PulteGroup Inc., the largest homebuilder by market value, was the biggest gainer on the Standard & Poor’s 500 Index last year, rising 188 percent, helping an index of 11 builders more than double since the end of 2011, and raising concern among analysts including Michael Widner of Stifel Nicolaus & Co. that growth is already priced in. Photographer: Daniel Acker/Bloomberg
The firm’s unit that caters to individuals and families with more than $5 million, put client money in a partnership that bought more than 5,000 single family homes to rent in Florida, Arizona, Nevada and California, said David Lyon, a managing director and investment specialist at J.P. Morgan Private Bank. Investors can expect returns of as much as 8 percent annually from rental income as well as part of the profits when the homes are sold, he said.
The bank’s wealthy clients are joining a growing number of private-equity firms and individuals buying rental homes in the regions hardest hit by the U.S. housing crash. Blackstone Group LP (BX) has spent $2.7 billion, and said last month it accelerated purchases as home prices rise faster than anticipated. Even after home values in November gained by the most in six years, investors are wagering on rental properties as an alternative to housing-related stocks and mortgage debt that’s already soared.
“The traditional places people might look -- homebuilder stocks and appliance makers -- probably aren’t the best places for new investments,” said John Buckingham, chief investment officer at Al Frank Asset Management in Aliso Viejo, California, which oversees about $4.5 billion. “They’ve had fantastic runs.”
PulteGroup Inc., the largest homebuilder by market value, was the biggest gainer on the Standard & Poor’s 500 Index last year, rising 188 percent, helping an index of 11 builders more than double since the end of 2011, and raising concern among analysts including Michael Widner of Stifel Nicolaus & Co. that growth is already priced in.
Whirlpool Corp. (WHR), a home-appliance maker, was the third-best performing stock in the S&P 500 Index last year, rising 114 percent, and subprime-mortgage bonds gained more than 40 percent.
The investments rallied as the housing recovery strengthened through 2012 with the Federal Reserve pushing mortgage rates to record lows, and as institutional investors increased their purchases of foreclosed homes. Home prices in 20 U.S. cities rose 5.5 percent in November from a year earlier, the most in more than six years, an S&P/Case-Shiller index of property values showed last month.
The lime-green Yamaha Mio motorbike that Suryadi bought in 2011 to commute to his job pumping gas in Jakarta would have cost 11.8 million rupiah ($1,221) had he purchased it outright. Instead he took out a loan at 16 percent.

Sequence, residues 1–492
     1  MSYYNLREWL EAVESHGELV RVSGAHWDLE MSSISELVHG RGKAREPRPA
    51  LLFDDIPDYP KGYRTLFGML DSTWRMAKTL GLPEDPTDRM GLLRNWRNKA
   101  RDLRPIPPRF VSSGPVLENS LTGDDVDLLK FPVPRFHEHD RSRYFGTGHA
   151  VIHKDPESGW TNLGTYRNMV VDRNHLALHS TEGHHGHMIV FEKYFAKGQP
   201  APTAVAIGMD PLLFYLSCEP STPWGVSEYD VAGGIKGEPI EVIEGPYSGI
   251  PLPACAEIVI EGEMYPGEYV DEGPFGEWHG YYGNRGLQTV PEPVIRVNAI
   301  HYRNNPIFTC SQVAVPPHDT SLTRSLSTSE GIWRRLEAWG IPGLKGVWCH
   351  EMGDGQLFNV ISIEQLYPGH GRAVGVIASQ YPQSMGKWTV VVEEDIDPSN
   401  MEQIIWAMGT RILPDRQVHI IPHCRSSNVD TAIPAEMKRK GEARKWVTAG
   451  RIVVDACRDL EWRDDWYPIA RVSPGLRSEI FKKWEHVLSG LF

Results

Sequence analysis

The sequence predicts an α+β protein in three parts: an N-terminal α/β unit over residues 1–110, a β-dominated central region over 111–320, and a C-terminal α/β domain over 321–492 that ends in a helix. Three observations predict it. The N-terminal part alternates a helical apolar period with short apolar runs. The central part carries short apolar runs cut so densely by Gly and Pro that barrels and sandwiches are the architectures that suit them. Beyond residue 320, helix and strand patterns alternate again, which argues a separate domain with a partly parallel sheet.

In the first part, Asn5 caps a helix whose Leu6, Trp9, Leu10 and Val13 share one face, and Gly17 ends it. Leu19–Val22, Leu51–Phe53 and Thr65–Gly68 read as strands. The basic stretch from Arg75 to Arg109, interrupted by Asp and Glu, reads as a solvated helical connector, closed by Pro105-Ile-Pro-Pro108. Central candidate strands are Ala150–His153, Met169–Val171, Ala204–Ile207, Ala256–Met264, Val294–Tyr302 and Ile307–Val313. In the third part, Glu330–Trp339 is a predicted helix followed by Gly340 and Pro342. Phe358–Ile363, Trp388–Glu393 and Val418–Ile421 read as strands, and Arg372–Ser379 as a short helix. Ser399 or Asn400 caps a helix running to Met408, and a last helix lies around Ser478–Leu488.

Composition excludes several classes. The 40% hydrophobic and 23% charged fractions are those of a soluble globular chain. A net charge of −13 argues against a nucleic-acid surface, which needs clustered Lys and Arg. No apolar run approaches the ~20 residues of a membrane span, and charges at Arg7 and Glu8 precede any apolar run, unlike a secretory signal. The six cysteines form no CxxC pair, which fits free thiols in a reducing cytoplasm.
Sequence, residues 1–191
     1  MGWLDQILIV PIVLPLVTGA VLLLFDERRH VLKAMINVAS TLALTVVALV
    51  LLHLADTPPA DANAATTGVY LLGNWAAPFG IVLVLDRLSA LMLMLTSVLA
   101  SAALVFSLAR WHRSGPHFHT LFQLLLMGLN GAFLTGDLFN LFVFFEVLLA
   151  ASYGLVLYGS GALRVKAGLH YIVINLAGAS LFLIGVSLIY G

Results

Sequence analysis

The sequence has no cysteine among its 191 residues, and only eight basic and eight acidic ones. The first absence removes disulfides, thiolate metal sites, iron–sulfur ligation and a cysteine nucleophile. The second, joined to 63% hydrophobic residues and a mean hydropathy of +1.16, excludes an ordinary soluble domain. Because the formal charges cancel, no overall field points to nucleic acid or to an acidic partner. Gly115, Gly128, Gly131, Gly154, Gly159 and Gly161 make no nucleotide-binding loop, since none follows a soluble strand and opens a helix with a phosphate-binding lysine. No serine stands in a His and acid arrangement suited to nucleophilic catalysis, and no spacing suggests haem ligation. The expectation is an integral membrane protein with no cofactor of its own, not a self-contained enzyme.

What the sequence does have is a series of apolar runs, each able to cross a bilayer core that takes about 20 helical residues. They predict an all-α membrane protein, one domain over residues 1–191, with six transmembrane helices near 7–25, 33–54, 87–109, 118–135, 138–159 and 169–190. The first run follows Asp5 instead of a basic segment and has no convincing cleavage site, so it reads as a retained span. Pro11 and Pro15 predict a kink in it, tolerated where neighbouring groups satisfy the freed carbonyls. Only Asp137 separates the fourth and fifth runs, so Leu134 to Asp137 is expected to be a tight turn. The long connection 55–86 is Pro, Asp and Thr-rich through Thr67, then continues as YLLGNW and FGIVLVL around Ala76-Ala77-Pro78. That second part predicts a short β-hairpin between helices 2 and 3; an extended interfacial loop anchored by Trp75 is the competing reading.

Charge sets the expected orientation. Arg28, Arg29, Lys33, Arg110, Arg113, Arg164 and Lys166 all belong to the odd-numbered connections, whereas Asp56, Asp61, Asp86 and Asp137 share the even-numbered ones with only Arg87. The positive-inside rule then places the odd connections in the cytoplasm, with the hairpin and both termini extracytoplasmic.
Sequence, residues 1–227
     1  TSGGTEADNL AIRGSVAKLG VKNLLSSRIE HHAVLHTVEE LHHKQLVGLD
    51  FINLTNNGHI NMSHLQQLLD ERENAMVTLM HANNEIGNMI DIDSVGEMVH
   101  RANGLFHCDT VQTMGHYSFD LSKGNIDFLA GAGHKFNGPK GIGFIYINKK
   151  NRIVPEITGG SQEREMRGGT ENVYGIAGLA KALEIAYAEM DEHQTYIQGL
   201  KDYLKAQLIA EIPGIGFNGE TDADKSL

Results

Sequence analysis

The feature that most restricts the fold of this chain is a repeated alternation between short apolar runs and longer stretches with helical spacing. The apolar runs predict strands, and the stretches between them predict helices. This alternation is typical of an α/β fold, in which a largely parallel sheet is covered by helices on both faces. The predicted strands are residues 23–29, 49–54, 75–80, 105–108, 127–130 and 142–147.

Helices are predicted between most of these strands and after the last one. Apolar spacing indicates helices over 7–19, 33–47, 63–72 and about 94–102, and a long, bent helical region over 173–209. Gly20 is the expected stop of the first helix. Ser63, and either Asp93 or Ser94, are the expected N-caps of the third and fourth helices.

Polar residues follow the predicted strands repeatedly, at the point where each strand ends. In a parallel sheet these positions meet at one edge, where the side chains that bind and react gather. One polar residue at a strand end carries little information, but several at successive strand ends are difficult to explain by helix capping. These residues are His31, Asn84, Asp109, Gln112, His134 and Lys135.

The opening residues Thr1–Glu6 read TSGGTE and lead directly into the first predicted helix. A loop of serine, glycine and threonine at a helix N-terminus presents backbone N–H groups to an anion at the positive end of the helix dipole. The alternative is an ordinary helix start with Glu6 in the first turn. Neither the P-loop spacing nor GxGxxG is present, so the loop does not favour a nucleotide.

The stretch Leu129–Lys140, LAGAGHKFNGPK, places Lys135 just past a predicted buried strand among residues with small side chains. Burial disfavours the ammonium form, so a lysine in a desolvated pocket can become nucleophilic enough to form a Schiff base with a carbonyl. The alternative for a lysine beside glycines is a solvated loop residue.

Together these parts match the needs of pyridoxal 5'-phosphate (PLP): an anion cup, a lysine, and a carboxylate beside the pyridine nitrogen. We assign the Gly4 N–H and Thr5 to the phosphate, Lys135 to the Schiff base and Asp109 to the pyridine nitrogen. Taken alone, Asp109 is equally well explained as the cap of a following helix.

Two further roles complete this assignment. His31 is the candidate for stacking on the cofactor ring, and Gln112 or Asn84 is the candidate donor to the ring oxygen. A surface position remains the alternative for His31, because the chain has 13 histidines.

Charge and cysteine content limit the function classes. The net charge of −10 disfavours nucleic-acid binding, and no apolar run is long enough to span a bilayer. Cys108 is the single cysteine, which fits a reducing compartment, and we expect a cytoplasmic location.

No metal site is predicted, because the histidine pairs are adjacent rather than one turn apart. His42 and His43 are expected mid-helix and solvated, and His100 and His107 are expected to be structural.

Now the 44-year-old father of three is making monthly payments to PT Bank Danamon Indonesia (BDMN) that eat up about one- fifth of his salary. He’ll end up paying 46 percent more than the cost of the bike by the time he retires the loan.
A man counts Indonesian rupiah at a money at currency exchange in Jakarta. Photographer: Dimas Ardian/Bloomberg
Food stalls stand in front of buildings in the financial district of Jakarta. As profitable as lending in Indonesia is, banks have made loans to only 28 percent of the population, or about 67 million people, according to World Bank data. Photographer: Dimas Ardian/Bloomberg
A customer purchases fruit from a market stall in Jakarta. Indonesia’s history of inflation, averaging 7.3 percent in the past 10 years, has kept benchmark interest rates for the past year at 5.75 percent, one of the highest among major economies, data compiled by Bloomberg show. Photographer: Ed Wray/Bloomberg
“I don’t have the money to pay in cash,” said Suryadi, who like many Indonesians goes by one name. “Paying in installments is all I can afford.”
Borrowers like Suryadi have helped make Indonesian lenders the most profitable among the 20 biggest economies in the world, according to data compiled by Bloomberg. The average return on equity, a measure of how well shareholder money is reinvested, is 23 percent for the country’s five banks with a market value more than $5 billion, the data show.
That’s greater than Chinese banks of the same size, which have an average return of 21 percent, and Canadian firms with 20 percent. It’s more than double the 9 percent in the U.S. Profitability might have been even higher if Indonesia’s lenders weren't also among the most inefficient, as measured by the ratio of operating expenses to total assets.
Returns in Indonesia, Southeast Asia’s largest economy, are driven by net interest margins, the difference between what banks charge for loans -- an average of 12 percent, according to the central bank -- and what they pay for deposits. The average margin for the country’s big banks is 7 percentage points, the highest of the 20 economies, according to the latest available data compiled by Bloomberg.
“It’s a basic supply-and-demand equation,” said Ken Timsit, a Jakarta-based partner and managing director at Boston Consulting Group, which has studied the profitability of banks worldwide. “There’s plenty of demand for credit, but limited supply,” making it lucrative for banks to lend.